heat-stress

Factory, Warehouse and industrial workers are just as susceptible to the ravages of high temperatures as outdoor laborers.

For example, workers in a confined space, especially next to heat generating equipment can become exhausted and overheated. Personal Protection Equipment (PPE) can enhance this effect, trapping heat next to the body.

When working outdoors in full sunlight, the heat index can increase by 15 degrees Fahrenheit. Basic health and safety measures need to be in place around 90 degrees. OSHA recommends frequent water breaks (every 15 minutes) for both indoor and outdoor workers while in hot conditions. If possible, periodic rest in an air conditioned setting would be beneficial to cool down body temperature.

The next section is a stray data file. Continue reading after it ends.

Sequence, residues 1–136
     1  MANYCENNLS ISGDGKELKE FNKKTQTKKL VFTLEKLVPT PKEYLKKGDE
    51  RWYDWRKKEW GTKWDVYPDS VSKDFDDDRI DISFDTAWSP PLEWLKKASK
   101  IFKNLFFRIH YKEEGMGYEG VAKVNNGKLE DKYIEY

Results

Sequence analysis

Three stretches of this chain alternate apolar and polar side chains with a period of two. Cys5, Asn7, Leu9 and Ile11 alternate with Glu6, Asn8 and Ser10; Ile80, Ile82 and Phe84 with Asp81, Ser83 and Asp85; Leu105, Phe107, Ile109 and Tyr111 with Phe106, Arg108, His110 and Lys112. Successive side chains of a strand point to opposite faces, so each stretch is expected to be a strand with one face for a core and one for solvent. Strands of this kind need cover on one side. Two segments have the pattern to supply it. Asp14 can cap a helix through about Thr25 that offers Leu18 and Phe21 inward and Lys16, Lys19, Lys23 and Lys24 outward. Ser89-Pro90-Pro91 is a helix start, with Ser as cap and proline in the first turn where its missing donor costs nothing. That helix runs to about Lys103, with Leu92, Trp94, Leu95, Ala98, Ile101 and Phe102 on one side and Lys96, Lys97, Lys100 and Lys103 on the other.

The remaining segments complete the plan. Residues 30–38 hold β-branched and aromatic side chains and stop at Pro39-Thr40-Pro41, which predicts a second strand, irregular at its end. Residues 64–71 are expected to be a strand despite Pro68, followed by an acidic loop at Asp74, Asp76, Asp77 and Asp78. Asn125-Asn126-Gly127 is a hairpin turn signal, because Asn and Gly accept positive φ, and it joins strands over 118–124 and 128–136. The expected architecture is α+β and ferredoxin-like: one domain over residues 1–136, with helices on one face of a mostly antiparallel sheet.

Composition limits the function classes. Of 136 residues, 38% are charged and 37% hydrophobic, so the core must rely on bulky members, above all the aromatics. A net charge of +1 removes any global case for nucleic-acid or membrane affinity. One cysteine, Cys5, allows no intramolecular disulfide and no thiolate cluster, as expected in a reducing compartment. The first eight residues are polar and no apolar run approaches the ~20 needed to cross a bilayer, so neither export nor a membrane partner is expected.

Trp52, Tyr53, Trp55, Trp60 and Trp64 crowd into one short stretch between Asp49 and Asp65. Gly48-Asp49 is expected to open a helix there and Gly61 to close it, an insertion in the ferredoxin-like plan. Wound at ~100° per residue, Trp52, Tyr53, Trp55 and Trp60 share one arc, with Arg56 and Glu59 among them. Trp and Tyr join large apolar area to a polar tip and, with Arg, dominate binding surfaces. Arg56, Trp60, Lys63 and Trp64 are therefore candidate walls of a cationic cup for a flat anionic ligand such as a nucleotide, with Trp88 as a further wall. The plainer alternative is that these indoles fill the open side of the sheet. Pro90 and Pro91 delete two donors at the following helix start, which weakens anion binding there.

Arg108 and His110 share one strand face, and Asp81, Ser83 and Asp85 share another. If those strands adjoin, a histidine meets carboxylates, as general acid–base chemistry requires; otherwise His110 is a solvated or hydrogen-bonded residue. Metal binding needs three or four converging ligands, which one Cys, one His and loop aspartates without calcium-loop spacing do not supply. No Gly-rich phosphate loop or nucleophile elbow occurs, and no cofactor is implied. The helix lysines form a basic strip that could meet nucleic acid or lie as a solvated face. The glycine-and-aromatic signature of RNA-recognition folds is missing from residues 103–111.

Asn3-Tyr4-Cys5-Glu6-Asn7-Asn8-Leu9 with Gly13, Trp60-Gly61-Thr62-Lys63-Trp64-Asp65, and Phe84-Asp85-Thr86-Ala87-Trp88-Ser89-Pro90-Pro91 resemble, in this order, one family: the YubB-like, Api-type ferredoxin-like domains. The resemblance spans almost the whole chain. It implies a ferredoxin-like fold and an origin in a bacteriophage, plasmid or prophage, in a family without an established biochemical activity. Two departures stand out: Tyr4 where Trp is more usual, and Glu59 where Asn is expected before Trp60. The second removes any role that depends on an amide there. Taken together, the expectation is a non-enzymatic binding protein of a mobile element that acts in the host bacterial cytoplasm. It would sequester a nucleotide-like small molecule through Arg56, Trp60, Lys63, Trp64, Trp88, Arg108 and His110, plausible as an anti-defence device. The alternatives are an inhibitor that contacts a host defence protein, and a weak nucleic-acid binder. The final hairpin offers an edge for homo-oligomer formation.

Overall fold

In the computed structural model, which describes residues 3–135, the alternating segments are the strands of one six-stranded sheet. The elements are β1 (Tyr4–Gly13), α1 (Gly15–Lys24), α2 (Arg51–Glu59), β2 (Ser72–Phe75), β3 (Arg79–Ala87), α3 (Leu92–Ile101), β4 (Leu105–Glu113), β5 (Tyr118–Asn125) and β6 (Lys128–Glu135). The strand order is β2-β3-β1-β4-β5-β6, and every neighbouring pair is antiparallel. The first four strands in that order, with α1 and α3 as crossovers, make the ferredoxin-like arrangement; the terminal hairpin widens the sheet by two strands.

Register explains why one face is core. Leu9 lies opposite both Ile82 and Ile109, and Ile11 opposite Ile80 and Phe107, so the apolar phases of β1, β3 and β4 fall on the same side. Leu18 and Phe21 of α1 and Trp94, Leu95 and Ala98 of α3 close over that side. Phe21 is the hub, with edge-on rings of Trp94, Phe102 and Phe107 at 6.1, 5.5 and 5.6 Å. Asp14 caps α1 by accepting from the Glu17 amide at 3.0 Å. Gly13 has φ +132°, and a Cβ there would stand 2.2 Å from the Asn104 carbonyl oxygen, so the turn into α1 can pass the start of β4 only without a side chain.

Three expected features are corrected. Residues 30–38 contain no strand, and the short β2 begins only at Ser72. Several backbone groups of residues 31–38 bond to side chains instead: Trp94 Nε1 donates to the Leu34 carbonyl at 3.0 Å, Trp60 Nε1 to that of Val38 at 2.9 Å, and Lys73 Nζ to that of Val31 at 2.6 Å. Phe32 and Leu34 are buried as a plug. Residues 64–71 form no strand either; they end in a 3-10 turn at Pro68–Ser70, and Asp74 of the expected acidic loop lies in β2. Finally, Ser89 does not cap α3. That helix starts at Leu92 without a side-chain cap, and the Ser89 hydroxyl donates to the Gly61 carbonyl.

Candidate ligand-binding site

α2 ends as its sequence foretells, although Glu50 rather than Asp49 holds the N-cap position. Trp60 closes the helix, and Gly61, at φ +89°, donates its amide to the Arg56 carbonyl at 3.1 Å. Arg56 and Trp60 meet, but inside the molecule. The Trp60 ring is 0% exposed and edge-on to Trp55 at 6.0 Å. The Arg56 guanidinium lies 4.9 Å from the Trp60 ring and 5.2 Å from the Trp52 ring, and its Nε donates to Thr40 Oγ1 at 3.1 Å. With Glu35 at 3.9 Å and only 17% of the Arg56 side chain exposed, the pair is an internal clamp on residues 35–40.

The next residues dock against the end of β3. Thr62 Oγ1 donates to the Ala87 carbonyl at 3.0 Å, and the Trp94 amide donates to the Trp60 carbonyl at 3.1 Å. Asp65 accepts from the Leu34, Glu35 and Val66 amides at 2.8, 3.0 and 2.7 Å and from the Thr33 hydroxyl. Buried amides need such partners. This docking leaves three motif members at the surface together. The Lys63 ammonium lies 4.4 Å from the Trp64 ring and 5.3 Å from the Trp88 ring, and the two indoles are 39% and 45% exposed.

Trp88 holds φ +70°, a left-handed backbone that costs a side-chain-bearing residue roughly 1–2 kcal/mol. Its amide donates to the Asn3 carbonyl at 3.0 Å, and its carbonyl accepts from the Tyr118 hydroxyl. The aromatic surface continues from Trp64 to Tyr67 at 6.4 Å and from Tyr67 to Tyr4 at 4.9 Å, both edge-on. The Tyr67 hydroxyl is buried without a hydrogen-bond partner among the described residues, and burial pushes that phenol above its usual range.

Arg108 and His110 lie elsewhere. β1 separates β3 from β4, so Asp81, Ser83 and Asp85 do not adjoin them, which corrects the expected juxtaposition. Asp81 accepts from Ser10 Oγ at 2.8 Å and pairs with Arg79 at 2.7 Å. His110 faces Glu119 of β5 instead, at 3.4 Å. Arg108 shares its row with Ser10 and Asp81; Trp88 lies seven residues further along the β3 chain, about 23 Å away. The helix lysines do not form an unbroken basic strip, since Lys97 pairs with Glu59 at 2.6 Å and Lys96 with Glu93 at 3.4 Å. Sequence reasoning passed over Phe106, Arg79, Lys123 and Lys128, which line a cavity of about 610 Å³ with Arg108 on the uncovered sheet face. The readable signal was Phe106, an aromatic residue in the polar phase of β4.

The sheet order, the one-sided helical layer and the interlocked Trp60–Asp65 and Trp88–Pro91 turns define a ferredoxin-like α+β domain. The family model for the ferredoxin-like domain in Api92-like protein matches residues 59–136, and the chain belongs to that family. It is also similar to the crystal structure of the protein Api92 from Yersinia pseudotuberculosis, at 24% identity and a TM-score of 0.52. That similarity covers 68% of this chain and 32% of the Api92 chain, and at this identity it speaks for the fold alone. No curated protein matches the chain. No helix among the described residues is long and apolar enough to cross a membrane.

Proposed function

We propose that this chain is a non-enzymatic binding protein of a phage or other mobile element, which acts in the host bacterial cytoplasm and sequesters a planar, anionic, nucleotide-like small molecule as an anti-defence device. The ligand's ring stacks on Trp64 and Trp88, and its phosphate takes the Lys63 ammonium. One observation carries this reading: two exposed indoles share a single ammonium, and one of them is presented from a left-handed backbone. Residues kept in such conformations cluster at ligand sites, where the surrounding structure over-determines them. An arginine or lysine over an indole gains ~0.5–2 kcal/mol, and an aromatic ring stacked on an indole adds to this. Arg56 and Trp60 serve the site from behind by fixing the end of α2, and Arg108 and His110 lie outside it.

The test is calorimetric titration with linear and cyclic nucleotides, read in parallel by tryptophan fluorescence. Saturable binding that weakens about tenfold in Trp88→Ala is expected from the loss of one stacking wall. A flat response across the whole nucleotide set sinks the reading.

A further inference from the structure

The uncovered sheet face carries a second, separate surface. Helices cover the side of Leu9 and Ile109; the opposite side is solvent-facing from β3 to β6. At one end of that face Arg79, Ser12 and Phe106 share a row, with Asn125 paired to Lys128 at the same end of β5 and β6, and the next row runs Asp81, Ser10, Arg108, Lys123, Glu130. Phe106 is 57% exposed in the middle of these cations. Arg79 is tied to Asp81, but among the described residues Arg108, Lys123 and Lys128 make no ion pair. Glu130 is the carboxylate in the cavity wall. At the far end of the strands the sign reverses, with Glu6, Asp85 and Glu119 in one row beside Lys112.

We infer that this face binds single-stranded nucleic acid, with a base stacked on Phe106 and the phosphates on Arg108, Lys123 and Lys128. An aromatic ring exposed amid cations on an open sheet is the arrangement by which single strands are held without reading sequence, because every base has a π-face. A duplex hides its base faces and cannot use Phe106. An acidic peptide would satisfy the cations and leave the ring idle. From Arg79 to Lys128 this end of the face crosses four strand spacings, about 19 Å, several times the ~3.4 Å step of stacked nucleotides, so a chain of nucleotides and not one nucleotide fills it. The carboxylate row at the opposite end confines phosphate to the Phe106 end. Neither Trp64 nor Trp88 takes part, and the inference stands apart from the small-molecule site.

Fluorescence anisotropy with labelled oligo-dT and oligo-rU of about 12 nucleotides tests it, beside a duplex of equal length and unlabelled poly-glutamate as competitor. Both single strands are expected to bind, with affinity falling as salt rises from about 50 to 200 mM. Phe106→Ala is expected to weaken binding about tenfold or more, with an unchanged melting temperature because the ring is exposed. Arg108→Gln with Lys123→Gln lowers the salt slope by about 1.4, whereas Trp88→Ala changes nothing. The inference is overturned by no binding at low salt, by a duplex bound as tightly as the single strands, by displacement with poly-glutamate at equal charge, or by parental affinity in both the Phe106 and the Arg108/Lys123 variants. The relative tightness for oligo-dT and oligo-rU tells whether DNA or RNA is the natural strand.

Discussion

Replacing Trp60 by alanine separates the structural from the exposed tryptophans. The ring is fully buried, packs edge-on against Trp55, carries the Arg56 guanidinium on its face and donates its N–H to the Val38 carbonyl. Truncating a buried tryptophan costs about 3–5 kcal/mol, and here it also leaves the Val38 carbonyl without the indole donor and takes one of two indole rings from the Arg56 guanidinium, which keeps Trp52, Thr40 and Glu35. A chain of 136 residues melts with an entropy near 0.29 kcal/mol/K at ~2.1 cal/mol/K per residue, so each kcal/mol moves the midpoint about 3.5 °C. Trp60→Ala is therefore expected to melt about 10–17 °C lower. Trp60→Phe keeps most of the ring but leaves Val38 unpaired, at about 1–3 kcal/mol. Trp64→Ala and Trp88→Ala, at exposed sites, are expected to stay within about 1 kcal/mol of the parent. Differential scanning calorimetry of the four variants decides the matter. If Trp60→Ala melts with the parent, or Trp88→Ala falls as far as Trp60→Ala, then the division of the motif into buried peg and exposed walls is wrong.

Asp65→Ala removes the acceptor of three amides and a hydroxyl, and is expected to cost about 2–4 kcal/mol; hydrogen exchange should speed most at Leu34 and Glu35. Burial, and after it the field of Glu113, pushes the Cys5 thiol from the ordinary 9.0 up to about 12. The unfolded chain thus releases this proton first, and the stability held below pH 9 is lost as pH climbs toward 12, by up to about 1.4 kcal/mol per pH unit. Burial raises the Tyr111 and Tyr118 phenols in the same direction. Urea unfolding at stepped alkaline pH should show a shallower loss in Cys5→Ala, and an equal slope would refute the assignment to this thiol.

According to Assistant Secretary of Labor, Dr. David Michaels, thousands of people became sick and at least 30 deaths were reported in 2014 due to heat exposure.

As for production, studies show that production decreases by 1 percent for every 2 degrees the temperature rises over 77 degrees. When the temperature reaches 92 degrees, production decreases by nearly 17 percent.

Three Sixty Safety can work with you to provide solutions to heat exhaustion.

Our Goal: Everyone Goes Home Safe…Every Day!